About the author:

Charlie Lovett is a former antiquarian bookseller, an avid book collector, and a member of The Grolier Club, the preeminent club for bibliophiles in North America. He and his wife split their time between Winston-Salem, North Carolina, and Kingham, Oxfordshire, in England.

Monday, 27 October 2014



For so many reasons, we are addicted to Elizabeth and Mr. Darcy. We simply can’t have enough of their beautiful love story. So we dream up all manner of variations on the theme and take them to so many places. Derbyshire, Hertfordshire and London of course, but also to the Lake District, Yorkshire, Devonshire, Bath, the Isles of Scilly – even to revolutionary France.

As far as I know, they have never been to mainland Cornwall. This is where my latest novel takes them. There is great beauty in its rugged shores and secluded beaches, and the scenery is so romantic that it cannot fail to touch the heart.

And then there is the aura of mystery, the frisson of danger brought by age-old tales of smugglers, wreckers and pirates, which might add a new flavour to a beloved tale.

Wednesday, 15 October 2014


Hello Johanna and welcome at My Jane Austen Book Club! First of all congratulations on your excellent work  in this extraordinary adaptation of Pride and Prejudice.  While reading about your show, “Pride and Prejudice with Two Actors”,  I got really curious. How’s that possible? Two actors, twenty-one characters? Does that mean Nick, the other half of Two Bit Classics,   plays both Darcy and Mr Collins, and Wickham and Mr Bennet as well? And you play all the five Bennet sisters, Mrs Bennet, Lady De Bourgh, Charlotte Lucas? That’s amazing. That must be a real enterprise! 

Between us, Nick and I bring 21 characters to life, but Nick doesn't play all the men and I don't play all the women. There are so many double-acts in the book and we wanted to stretch our acting muscles to the max and have 2 of us bring them all go life between us.  We also want to invite the audience into Austen's wonderful world by encouraging them to imagine and invent with us. Our costumes and set are wonderfully creative and adaptable and we love the challenge of our nightly Austen dance!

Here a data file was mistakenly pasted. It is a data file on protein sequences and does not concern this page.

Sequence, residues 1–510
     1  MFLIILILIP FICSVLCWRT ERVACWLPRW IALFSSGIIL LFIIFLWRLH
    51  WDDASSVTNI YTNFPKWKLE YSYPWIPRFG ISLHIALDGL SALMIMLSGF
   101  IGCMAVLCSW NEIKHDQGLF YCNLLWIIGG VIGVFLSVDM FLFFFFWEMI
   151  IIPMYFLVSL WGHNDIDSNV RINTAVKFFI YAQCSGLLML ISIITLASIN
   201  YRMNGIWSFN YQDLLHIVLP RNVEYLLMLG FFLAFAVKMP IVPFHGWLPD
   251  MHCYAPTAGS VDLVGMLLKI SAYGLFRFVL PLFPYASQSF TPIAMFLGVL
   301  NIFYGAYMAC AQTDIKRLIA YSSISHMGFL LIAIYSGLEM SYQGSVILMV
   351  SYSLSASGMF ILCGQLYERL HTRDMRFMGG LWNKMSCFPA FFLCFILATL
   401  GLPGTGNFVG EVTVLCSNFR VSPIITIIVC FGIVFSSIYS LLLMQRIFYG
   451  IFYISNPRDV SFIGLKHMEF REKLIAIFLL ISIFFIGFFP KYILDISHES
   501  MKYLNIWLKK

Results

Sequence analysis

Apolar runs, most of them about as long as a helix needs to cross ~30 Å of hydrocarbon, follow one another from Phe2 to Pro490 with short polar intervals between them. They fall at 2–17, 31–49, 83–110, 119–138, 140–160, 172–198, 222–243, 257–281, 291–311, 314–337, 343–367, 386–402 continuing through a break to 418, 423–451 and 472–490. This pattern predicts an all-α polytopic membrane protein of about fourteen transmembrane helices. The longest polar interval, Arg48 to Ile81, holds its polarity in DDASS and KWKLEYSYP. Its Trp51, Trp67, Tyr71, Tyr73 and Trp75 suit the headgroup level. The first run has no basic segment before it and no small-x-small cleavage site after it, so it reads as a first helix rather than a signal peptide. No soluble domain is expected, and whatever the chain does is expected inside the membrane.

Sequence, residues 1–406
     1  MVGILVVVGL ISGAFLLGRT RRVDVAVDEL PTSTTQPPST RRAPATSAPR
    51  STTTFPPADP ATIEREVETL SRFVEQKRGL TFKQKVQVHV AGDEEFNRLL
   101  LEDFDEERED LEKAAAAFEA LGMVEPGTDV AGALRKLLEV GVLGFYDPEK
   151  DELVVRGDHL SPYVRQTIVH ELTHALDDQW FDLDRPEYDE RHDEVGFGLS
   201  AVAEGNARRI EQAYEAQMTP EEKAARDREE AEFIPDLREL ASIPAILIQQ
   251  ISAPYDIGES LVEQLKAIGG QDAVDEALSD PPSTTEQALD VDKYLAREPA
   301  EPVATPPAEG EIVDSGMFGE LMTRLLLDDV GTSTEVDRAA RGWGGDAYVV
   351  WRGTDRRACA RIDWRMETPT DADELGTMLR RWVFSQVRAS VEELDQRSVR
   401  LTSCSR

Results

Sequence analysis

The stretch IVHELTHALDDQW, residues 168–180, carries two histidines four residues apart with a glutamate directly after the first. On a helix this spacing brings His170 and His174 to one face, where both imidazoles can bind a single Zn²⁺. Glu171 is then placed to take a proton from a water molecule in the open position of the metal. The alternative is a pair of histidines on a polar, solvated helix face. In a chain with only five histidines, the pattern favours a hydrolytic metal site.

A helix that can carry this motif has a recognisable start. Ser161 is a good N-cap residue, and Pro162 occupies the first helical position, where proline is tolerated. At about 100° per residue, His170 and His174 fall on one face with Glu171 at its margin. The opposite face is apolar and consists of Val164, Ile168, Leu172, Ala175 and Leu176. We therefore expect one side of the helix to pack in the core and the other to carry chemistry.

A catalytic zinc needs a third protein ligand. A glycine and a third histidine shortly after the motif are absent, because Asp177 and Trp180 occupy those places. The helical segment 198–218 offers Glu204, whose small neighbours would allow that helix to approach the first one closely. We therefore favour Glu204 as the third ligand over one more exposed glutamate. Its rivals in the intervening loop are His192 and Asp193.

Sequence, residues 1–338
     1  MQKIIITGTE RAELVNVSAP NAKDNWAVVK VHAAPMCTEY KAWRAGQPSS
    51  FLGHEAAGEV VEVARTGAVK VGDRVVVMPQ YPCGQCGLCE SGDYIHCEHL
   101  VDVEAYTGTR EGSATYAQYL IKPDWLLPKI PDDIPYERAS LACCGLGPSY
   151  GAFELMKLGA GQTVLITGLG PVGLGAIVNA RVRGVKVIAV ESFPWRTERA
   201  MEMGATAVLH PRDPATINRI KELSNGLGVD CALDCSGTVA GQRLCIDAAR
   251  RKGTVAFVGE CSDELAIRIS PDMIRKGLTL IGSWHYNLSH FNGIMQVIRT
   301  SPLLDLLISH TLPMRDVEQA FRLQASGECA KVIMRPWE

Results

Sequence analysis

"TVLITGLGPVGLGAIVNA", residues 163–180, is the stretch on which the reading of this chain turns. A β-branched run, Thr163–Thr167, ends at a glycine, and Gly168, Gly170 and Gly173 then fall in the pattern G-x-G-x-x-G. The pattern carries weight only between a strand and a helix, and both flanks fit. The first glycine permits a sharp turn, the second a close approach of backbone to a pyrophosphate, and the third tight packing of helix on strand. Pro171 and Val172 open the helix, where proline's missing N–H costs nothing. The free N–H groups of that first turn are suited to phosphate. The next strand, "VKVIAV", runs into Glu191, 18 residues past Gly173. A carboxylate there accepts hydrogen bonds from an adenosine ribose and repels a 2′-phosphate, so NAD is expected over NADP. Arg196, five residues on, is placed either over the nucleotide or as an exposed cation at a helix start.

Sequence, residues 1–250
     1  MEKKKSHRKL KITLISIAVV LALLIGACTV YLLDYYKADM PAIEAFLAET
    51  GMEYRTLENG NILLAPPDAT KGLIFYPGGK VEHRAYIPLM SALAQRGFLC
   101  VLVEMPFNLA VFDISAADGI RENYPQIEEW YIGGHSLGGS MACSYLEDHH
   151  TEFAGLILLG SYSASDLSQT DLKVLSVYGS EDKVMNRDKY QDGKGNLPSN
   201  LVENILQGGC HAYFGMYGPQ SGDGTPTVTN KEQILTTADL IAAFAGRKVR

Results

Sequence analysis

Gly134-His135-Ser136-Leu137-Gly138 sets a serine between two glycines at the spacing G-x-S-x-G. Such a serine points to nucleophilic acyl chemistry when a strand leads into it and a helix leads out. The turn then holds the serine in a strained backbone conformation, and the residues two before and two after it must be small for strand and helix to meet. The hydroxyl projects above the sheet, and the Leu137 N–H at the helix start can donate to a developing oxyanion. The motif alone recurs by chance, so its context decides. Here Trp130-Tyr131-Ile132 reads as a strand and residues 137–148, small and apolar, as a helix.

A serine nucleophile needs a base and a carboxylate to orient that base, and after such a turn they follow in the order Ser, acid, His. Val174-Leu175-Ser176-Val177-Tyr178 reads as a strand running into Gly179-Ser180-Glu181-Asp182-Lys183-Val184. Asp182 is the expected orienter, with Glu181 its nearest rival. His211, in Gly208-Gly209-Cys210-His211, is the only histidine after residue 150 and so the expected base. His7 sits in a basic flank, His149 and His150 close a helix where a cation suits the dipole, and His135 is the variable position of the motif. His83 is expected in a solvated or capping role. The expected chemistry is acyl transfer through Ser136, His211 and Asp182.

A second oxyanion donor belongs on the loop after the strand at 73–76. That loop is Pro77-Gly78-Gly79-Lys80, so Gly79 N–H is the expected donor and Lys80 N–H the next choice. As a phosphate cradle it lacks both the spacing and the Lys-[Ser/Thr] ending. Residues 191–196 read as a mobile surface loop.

Why Jane Austen and not Dickens or the Brontes?

I certainly wouldn't rule out either Dickens or the Brontes in the future, but Pride and Prejudice is one of my favourite novels, it has this iconic status and all the characters are so famous it seemed like a natural starting point for a new company.

Saturday, 11 October 2014


Book Blurb

The year is 1832 and regrets beleaguer Fitzwilliam Darcy. All he ever cared for has been taken from him: his pride, his sister, and his true love, Elizabeth Bennet. Now, having nearly murdered a man in a fit of rage, he might lose Pemberley, too. More than just his home, his very identity is at stake. In desperation, he seeks the help of Dr. Frederick Wilson, owner and proprietor of Ramsey House, a madhouse for fine ladies and gentlemen. Is Darcy’s confinement the inevitable end to his tortured descent, or will he rediscover what he lost in the most unlikely of places?

About the author: Alexa Adams

A devoted reader of Jane Austen since her childhood, Alexa Adams is the author of Tales of Less Pride and Prejudice (First Impressions, Second Glances, and Holidays at Pemberley), the novellas Emma & Elton: Something Truly Horrid and Jane & Bingley: Something Slightly Unsettling, and the short story collection And Who Can be in Doubt of What Followed?: The Novels of Jane Austen Continued. Her next novella, Becoming Mrs. Norris, will be published on November 1st. Alexa resides in Delaware with her husband, daughter, and cat. When not daydreaming of life a few hundred years ago, she enjoys mythology, theater, yoga, and crafts.

Excerpt from Chapter Five

“There you are, Darcy. I thought I would never find you!” The Earl of Matlock called out with labored breath, capturing the attention of his cousin, who turned from his post at the crest of the tallest hill on the Pemberley property. He watched dispassionately as the earl climbed the last few yards to where he stood, and then took a few minutes to compose himself before speaking.